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Re: Mathematica Weirdness

In article <ik2nab$9kk$1 at>,
 Steve Heston <sheston at> wrote:

> My question is why I get a negative integral of a positive 
> function?
> Integrate[1000000*Exp[x^2-12*x]*x^14,{x,0,1}]//N
> Integrate[1000000*Exp[x^2-12*x]*x^14,{x,0.,1}]//N
> NIntegrate[1000000*Exp[x^2-12*x]*x^14,{x,0,1}]
> The first line gives a negative answer, while the second two lines give 
> identical positive answers.  Something is strange here.

If you strip "//N" from the first line, you get an expression with three 
terms (I am counting as "one term" a product that involves 
(Erfi[5]-Erfi[6]).) Two of these terms are much larger than the third, 
with opposite signs and nearly equal magnitudes. Their sum seems to be 
of opposite sign to the other term, and *very* nearly equal magnitudes. 
In short there is some massive cancellation going on. I think the number 
of extra digits of precision carried along in the numerical evaluation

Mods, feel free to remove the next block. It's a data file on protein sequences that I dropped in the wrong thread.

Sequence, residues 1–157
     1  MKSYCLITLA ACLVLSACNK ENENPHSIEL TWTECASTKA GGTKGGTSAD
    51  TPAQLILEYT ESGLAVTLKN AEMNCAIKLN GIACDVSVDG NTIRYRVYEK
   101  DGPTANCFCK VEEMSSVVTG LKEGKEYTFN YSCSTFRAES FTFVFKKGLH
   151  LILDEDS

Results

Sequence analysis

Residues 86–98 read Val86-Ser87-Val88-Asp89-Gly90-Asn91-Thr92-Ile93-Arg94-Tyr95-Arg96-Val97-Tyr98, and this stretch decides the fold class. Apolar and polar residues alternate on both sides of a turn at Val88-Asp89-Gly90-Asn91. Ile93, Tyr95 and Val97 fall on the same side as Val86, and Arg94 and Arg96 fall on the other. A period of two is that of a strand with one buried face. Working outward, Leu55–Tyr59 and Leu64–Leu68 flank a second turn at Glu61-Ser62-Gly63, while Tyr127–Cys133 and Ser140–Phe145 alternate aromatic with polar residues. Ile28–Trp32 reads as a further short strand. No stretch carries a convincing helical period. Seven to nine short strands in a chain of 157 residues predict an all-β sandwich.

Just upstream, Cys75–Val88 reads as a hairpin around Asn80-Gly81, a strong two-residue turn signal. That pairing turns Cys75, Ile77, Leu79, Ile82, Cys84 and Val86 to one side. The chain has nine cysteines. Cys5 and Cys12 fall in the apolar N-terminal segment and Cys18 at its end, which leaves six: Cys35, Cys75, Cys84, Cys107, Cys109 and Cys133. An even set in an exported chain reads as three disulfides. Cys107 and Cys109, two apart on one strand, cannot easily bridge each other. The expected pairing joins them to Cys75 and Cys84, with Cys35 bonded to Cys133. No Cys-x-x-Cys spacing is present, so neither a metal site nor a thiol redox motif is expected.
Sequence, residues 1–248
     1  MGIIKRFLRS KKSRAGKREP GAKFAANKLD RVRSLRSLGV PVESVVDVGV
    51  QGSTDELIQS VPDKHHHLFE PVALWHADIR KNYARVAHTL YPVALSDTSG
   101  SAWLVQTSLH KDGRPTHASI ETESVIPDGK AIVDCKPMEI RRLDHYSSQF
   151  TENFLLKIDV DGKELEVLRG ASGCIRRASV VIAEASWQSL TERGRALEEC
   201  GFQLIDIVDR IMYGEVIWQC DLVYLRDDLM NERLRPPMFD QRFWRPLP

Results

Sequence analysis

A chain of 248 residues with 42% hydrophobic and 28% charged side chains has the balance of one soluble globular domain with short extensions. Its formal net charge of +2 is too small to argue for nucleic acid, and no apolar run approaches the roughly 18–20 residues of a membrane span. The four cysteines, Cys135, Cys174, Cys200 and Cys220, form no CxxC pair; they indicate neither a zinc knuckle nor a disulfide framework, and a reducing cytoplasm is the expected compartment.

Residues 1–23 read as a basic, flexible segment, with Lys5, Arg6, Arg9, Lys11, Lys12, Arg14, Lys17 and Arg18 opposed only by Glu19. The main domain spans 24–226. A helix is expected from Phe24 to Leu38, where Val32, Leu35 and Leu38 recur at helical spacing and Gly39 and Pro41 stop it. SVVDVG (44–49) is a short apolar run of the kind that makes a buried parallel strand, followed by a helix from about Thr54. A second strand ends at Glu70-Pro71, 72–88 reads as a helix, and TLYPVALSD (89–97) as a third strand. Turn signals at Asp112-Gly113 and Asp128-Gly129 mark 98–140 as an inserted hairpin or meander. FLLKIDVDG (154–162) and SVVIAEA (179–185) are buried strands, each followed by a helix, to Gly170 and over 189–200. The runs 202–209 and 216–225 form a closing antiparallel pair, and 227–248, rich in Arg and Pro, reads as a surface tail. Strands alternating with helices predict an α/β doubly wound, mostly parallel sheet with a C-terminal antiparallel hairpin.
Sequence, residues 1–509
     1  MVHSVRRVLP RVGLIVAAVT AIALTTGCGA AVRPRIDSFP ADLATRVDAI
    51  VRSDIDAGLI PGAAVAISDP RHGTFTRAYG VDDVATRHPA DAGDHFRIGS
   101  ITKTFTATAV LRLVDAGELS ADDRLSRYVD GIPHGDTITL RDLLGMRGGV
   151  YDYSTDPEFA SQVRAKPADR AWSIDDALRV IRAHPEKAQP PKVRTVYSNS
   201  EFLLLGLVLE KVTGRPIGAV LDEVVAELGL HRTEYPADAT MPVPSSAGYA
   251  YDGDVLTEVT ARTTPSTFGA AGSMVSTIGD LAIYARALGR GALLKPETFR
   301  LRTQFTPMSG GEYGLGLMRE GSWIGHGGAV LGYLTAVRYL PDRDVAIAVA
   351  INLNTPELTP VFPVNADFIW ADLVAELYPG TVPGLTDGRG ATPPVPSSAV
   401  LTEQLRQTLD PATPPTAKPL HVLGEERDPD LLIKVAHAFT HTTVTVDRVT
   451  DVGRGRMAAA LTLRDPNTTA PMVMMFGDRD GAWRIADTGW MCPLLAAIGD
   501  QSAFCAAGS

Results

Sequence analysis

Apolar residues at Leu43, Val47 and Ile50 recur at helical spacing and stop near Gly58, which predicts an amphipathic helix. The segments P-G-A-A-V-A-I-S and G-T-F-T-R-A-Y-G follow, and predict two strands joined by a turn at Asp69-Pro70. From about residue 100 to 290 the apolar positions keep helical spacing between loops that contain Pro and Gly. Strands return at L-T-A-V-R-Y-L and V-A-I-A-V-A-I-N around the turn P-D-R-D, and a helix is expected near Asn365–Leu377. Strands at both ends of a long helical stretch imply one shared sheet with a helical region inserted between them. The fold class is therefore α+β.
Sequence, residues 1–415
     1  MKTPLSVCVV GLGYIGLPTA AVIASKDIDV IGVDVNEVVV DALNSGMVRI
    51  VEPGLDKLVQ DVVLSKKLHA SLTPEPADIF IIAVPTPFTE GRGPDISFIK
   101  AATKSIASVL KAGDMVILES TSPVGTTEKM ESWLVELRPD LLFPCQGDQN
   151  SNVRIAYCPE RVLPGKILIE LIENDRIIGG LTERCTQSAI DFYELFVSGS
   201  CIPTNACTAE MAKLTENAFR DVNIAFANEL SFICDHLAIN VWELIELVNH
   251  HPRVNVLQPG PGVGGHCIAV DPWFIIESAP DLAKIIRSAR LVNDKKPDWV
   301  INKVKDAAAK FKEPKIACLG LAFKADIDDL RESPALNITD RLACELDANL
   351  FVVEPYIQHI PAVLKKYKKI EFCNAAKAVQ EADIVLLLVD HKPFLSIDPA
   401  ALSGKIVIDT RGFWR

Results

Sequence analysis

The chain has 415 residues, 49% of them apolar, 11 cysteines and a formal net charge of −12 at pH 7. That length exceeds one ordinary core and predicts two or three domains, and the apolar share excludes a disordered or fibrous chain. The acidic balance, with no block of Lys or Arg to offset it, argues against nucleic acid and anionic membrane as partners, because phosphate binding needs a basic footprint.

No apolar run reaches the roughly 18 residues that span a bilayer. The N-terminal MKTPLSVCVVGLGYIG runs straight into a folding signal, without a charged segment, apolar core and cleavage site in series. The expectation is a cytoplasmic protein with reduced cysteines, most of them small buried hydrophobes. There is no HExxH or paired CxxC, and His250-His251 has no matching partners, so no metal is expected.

implied by "//N" was not enough to get a good result.

I do not know why the second line came out differently. I suspect that 
Mathematica used a different strategy for working out the analytical 
form of the integration, because of the machine-precision number "0." .

The third line does not attempt to find an analytical form for the 
integral, but applies numerical integration methods from the outset. A 
plot of the integrand shows that it is not very "pathological" in the 
sense of having a tall narrow spike, so the numerical result is probably 

The online documentation of N and NIntegrate is helpful for giving one a 
sense of the limitations of the numerical accuracy of these functions, 
and for suggestions of how to experiment with the precision of their 
internal operations.

Christopher J. Henrich
chenrich at
"A bad analogy is like a leaky screwdriver." -- Boon

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